23 September 2014

As above, so below

We'd spent the last three weeks on buses. First, it was the beaten and battered one that we'd had to fight to get on to. We'd claimed our places on the long bench at the very back, next to one of the two open doors that passengers would use to clamber aboard, hands reaching down to pull them on. Or that the sellers would use to swing in, proffering baskets of fruit, cold drinks, and lighters. All of them were fascinated by how pale my skin was and it wasn't long until hands were touching my legs or stroking my hair - had I not been with my friend, I think it may have been difficult to get them to stop. We bounced on this broken bus for the next six hours through jungle roads and rivers, misguidedly destined for a small village on the west coast of Java.

Our stay lasted just one night; we hotfooted back to Jakarta on the same uncomfortable and unbearably hot bus the next day, but it felt different this time. We'd survived the storms on the beach, a few miles from seeing Krakatoa, that lit up the night with purple fronds of lightning, rocking the fishing boats on the horizon; we'd made friends with a volunteer at our hostel and later left her to her book; and we then made friends with a family who offered us their best room if we needed somewhere to stay in Bandarang. They even took to pushing away prying hands and eyes becoming our personal guardians as we all wilted on the sticky leather seats.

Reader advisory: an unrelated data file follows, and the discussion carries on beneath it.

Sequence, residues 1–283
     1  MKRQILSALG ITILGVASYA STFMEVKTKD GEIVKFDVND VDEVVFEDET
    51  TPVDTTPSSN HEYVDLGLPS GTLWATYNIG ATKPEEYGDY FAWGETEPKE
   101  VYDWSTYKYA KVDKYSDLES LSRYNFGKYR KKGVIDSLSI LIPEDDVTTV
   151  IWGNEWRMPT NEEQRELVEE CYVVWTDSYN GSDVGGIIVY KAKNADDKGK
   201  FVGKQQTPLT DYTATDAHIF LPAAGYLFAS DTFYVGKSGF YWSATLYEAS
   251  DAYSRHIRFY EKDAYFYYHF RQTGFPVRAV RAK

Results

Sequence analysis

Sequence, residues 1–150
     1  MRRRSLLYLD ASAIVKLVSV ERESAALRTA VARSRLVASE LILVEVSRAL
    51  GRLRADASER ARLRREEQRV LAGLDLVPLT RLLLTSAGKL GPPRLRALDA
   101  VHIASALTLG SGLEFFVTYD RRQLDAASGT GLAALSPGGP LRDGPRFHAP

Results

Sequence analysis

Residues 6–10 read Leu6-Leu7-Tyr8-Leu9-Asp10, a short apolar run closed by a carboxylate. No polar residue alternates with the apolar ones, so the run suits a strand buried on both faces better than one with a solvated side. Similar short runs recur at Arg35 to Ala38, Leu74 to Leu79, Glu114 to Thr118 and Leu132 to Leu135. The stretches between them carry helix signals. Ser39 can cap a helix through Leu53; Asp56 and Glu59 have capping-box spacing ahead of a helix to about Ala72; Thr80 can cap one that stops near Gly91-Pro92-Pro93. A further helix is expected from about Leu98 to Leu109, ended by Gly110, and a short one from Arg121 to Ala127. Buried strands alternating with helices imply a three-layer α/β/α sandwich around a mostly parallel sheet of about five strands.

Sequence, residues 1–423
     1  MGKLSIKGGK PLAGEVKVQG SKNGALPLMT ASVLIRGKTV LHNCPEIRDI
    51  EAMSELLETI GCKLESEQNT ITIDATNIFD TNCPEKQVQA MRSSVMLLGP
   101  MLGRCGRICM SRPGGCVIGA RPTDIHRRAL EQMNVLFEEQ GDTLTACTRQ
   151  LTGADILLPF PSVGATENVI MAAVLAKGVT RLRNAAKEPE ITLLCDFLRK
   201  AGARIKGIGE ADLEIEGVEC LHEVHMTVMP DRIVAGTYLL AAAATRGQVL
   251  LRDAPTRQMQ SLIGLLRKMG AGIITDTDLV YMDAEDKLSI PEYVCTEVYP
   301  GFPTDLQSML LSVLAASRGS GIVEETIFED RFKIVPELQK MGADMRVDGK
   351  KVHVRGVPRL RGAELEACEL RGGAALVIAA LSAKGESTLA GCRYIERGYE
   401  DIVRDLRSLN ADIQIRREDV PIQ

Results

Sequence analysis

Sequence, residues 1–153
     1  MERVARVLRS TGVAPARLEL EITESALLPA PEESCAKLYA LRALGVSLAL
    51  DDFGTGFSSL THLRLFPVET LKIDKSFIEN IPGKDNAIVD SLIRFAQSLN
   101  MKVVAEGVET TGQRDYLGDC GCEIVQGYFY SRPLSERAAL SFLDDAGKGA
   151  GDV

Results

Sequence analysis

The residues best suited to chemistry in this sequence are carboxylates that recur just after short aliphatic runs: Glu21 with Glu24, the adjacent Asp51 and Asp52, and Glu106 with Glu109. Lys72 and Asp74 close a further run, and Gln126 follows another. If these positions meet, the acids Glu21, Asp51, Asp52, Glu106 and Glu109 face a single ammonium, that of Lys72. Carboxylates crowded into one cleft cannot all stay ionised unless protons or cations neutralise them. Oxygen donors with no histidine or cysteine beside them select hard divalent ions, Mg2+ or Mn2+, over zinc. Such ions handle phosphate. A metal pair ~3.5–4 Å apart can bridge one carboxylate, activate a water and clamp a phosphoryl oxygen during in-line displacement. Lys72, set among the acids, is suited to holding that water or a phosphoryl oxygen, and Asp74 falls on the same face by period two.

The second, third, fourth, fifth and sixth buses were a little more comfortable; the sleeper coaches ever popular with us backpackers that wound their way across Vietnam this time, up hills and corners so tight you gripped onto whatever you could, hoping you wouldn't be plunged to your death. Ho Chi Minh City, Dalat, Nha Trang, Hue, Hoi An, Hanoi - each journey was different from the one before, whether they had midnight stops, were party buses or took on locals and their chickens who slept on the spaces between beds on the floor. I always chose the upper bunks because I felt I could see more of the jungles, the clouds, the towns, the sea.

After three weeks of buses, we were finally here. We'd then spent our first night in the bay on the traditional Vietnamese junk boats. Ornate, almost luxurious, we'd been lashed to two others and we danced on the roofs until morning and then dived off the side into the cool, green water. A few days before, a typhoon had hit and the boat we were supposed to have been on was lost; sunk to the bottom of Ha Long Bay amidst the lost floating villages were fishermen built their livelihood on crates and discarded driftwood.